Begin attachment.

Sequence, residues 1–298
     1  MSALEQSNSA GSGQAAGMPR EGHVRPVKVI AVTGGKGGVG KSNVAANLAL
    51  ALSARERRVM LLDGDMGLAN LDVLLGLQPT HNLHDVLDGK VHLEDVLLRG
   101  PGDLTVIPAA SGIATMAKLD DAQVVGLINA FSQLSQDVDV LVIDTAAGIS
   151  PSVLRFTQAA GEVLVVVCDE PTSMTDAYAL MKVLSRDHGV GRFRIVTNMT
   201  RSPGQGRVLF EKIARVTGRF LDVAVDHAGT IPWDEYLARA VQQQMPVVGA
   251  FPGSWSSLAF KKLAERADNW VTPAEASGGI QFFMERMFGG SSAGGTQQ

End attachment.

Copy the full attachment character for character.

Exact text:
Sequence, residues 1–298
     1  MSALEQSNSA GSGQAAGMPR EGHVRPVKVI AVTGGKGGVG KSNVAANLAL
    51  ALSARERRVM LLDGDMGLAN LDVLLGLQPT HNLHDVLDGK VHLEDVLLRG
   101  PGDLTVIPAA SGIATMAKLD DAQVVGLINA FSQLSQDVDV LVIDTAAGIS
   151  PSVLRFTQAA GEVLVVVCDE PTSMTDAYAL MKVLSRDHGV GRFRIVTNMT
   201  RSPGQGRVLF EKIARVTGRF LDVAVDHAGT IPWDEYLARA VQQQMPVVGA
   251  FPGSWSSLAF KKLAERADNW VTPAEASGGI QFFMERMFGG SSAGGTQQ